Libbie Henrietta Hyman (1888-1969) Kristin Bolfert Libbie Henrietta Hyman was born into a recently immigrated Jewish family on 6 December 1888 in Des Moines, Iowa. One of many siblings and daughter to parents Sabina Neumann and Joseph Hyman, who did not particularly support her interests in science, Hyman excelled in school and indulged her interests in biology in her free time. From a young age, Hyman collected and cataloged flora around her home. Despite being valedictorian of her high school class, Hyman's first job was labeling cereal boxes in a local factory. 2007-11-01 4 Jul 2018 - 4:40:59am
William P. Procter collecting with cannikin Alfred F. (Alfred Francis) Huettner 1921 4 Jul 2018 - 4:40:59am
Leonard Colebrook (1883–1967) Safiya Shaikh Leonard Colebrook was a physician who researched bacteria and infections in England during the twentieth century. In 1936, Colebrook deployed the antibiotic Prontosil to treat puerperal fever, a disorder that results from bacterial infections in the uterine tracts of women after childbirth or abortions. Colebrook also advanced care for burn patients by advocating for the creation of burn units in hospitals and by using antisepsis medication for burn wound infections. Colebrook’s work on treatments for puerperal fever reduced cases of puerperal fever throughout the world. 2017-05-25 4 Jul 2018 - 4:40:59am
Clifford Grobstein (1916-1998) Brad Jacobson Clifford Grobstein was a traditional, influential, and highly innovative biologist of the mid-twentieth century, gifted with many character facets and pragmatic talents. His early adulthood passion of linking classical embryology with developmental anatomy and medicine was joined by his later pursuit of combining research ethics and science education with public policy. 2010-11-19 4 Jul 2018 - 4:40:59am
Eric Wieschaus (1947- ) Justin M. Wolter, Catherine May Eric Wieschaus studied how genes cause fruit fly larvae to develop in the US and Europe during the twentieth and twenty-first centuries. Using the fruit fly Drosophila melanogaster, Wieschaus and colleague Christiane Nusslein-Volhard described genes and gene products that help form the fruit fly body plan and establish the larval segments during embryogenesis. This work earned Wieschaus and Nüsslein-Volhard the 1995 Nobel Prize in Physiology or Medicine. 2014-04-29 4 Jul 2018 - 4:40:59am
E.B.Wilson with daughter Nancy Alfred F. (Alfred Francis) Huettner 1921 4 Jul 2018 - 4:40:59am
Johannes Holtfreter (1901-1992) Adam R. Navis Johannes Holtfreter made important discoveries about the properties of the organizer discovered by Hans Spemann. Although he spent much time away from the lab over many years, he was a productive researcher. His colleagues noted that the time he spent away helped revitalize his ideas. He is credited with the development of a balanced salt medium to allow embryos to develop; the discovery that dead organizer tissue retains inductive abilities; and the development of specification, competence, and distribution of fate maps in the developing frog embryo. 2008-02-29 4 Jul 2018 - 4:40:59am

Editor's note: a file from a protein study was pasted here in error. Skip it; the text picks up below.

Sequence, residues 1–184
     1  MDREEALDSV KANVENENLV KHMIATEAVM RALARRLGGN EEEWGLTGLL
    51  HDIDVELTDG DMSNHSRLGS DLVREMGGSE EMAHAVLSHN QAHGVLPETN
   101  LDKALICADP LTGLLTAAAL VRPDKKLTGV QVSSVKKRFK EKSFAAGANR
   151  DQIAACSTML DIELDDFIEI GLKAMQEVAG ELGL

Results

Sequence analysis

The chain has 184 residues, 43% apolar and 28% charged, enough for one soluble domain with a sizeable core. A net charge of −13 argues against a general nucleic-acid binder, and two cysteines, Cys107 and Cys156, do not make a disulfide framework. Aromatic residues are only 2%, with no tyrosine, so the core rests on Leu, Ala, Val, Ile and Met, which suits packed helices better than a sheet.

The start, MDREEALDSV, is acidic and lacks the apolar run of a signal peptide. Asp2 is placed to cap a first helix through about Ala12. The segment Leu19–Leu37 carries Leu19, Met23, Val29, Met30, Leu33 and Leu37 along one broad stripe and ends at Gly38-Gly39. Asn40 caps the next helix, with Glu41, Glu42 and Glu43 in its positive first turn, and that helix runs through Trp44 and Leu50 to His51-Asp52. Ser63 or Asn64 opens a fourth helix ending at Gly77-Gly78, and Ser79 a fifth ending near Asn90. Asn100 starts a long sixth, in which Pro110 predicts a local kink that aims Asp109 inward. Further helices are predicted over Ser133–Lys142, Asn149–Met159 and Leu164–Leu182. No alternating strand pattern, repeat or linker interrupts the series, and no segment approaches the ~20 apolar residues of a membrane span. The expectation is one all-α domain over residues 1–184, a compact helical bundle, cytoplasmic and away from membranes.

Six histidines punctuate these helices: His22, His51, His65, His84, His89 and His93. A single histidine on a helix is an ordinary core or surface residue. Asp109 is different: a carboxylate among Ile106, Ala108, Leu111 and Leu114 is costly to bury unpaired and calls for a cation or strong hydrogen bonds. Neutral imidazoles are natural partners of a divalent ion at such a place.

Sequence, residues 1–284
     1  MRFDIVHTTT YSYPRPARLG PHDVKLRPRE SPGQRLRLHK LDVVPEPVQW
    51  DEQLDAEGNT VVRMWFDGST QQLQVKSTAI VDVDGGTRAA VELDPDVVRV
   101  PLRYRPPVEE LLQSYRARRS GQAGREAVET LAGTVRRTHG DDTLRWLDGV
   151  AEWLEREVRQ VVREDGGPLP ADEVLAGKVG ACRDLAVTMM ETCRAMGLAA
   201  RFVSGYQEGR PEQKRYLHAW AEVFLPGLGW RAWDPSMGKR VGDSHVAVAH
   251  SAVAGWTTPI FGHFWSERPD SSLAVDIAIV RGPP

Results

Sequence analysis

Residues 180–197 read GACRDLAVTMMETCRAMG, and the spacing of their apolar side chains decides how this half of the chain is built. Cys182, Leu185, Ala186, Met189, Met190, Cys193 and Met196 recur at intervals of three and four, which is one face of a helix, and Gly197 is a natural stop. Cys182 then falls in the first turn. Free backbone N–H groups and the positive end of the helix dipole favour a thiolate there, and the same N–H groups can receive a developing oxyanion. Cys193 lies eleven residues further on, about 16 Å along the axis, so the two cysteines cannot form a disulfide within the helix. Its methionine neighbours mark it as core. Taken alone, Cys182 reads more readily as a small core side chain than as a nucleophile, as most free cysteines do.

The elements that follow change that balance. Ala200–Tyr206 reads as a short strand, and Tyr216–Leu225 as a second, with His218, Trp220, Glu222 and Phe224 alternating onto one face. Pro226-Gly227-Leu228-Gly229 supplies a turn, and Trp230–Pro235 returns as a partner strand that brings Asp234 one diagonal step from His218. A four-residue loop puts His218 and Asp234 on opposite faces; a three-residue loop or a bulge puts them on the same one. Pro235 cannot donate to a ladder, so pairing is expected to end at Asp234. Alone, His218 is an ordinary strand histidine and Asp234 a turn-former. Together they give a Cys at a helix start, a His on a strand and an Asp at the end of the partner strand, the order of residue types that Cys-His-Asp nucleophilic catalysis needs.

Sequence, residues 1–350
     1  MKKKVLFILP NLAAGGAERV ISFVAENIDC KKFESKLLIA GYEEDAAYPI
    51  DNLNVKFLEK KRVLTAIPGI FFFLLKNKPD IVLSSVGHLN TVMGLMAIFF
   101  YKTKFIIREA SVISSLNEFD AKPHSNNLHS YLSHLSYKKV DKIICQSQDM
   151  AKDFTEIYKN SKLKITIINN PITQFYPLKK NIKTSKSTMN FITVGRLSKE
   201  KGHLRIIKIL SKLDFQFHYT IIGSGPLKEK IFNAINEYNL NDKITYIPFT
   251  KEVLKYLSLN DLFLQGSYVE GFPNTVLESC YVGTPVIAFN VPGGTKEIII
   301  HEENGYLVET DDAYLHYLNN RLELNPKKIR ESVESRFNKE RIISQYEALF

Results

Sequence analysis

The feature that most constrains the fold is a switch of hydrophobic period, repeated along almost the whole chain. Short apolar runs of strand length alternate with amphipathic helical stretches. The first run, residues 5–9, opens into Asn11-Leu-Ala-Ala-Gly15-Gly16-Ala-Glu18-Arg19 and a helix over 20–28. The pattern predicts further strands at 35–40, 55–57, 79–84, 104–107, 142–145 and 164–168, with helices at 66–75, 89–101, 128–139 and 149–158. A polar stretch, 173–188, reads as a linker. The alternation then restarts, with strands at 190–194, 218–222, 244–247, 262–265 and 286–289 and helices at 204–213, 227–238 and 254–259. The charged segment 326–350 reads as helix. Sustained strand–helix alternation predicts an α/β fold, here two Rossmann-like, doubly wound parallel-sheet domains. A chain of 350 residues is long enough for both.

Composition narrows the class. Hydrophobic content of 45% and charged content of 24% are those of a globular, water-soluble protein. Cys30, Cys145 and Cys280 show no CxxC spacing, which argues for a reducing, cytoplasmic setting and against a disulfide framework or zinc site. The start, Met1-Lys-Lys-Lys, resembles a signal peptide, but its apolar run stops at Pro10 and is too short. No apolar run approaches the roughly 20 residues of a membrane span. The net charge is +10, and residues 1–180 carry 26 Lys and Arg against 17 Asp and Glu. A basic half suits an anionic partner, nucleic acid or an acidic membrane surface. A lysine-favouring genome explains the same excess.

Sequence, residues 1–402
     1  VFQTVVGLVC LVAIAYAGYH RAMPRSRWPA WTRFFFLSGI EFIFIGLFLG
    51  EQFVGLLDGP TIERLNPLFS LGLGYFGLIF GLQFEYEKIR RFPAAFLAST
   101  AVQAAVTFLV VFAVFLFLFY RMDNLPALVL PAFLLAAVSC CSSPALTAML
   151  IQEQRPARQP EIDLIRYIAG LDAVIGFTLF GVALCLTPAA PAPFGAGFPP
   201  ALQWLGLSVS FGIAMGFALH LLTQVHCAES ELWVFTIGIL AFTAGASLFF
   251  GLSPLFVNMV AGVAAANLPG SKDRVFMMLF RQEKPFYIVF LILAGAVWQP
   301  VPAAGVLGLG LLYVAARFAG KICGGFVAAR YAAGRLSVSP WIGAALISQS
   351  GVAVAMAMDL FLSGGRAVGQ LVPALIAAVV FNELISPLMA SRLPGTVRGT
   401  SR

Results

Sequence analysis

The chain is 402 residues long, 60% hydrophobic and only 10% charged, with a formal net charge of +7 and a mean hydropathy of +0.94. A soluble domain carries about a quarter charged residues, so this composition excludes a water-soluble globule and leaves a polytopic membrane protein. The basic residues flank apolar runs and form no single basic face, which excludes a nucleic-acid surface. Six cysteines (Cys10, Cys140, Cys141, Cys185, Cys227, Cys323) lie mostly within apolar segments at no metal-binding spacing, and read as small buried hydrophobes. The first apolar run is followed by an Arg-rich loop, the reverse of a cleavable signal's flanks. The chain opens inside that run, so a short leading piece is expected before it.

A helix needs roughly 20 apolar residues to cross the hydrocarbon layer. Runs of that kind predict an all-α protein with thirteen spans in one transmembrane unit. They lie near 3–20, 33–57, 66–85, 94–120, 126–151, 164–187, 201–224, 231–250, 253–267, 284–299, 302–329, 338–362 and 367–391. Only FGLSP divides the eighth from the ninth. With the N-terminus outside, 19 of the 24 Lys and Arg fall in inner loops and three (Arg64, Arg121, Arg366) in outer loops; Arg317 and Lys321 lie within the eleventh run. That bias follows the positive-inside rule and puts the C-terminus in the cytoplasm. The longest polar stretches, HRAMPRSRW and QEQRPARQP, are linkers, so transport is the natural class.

Jane Marion Oppenheimer (1911-1966) Kimberly A. Buettner Jane Marion Oppenheimer, embryologist and historian of science and medicine, was born on 19 September 1911 in Philadelphia, Pennsylvania, to Sylvia Stern and James H. Oppenheimer. After studying zoology at Bryn Mawr College, Oppenheimer received her AB degree in 1932. Oppenheimer received her PhD in embryology at Yale University in 1935 and worked as a research fellow from 1935-1936. While at Yale she was influenced by the work of Ross Granville Harrison and John Spangler Nicholas, the latter of whom was Oppenheimer's PhD advisor. 2007-11-01 4 Jul 2018 - 4:40:59am
H. C. Warren undated 4 Jul 2018 - 4:40:59am
Gregory Goodwin Pincus (1903-1967) Aliya Buttar Gregory Goodwin Pincus, one of the original researchers responsible for the development of the first oral contraceptive pill, was born in Woodbine, New Jersey, on 19 April 1903 to Russian Jewish parents. In 1924 Pincus received his BS degree from Cornell University, and in 1927 he received his MS and PhD from Harvard University, having studied under William Ernest Castle and William John Crozier. 2008-11-24 4 Jul 2018 - 4:40:59am
Rudolf Carl Virchow (1821-1902) Megan Kearl Rudolf Carl Virchow lived in nineteenth century Prussia, now Germany, and proposed that omnis cellula e cellula, which translates to each cell comes from another cell, and which became and fundamental concept for cell theory. He helped found two fields, cellular pathology and comparative pathology, and he contributed to many others. Ultimately Virchow argued that disease is caused by changes in normal cells, also known as cellular pathology. 2012-03-17 4 Jul 2018 - 4:40:59am
Columbia Gang Alfred F. (Alfred Francis) Huettner 1921 4 Jul 2018 - 4:40:59am
Adib Jatene (1929–2014) Daniella Caudle Adib Jatene in Brazil was the first surgeon to successfully perform the arterial switch operation in 1975. The operation corrected a heart condition in infants called transposition of the great arteries (TGA). Left untreated, infants with TGA die, as their blood cannot supply oxygen to their bodies. Jatene’s operation became widely used to correct the condition. Aside from medical research, Jatene worked for years in politics and education, serving as Brazil’s minister of health and teaching thoracic surgery at the University of São Paulo. 2017-04-20 4 Jul 2018 - 4:40:59am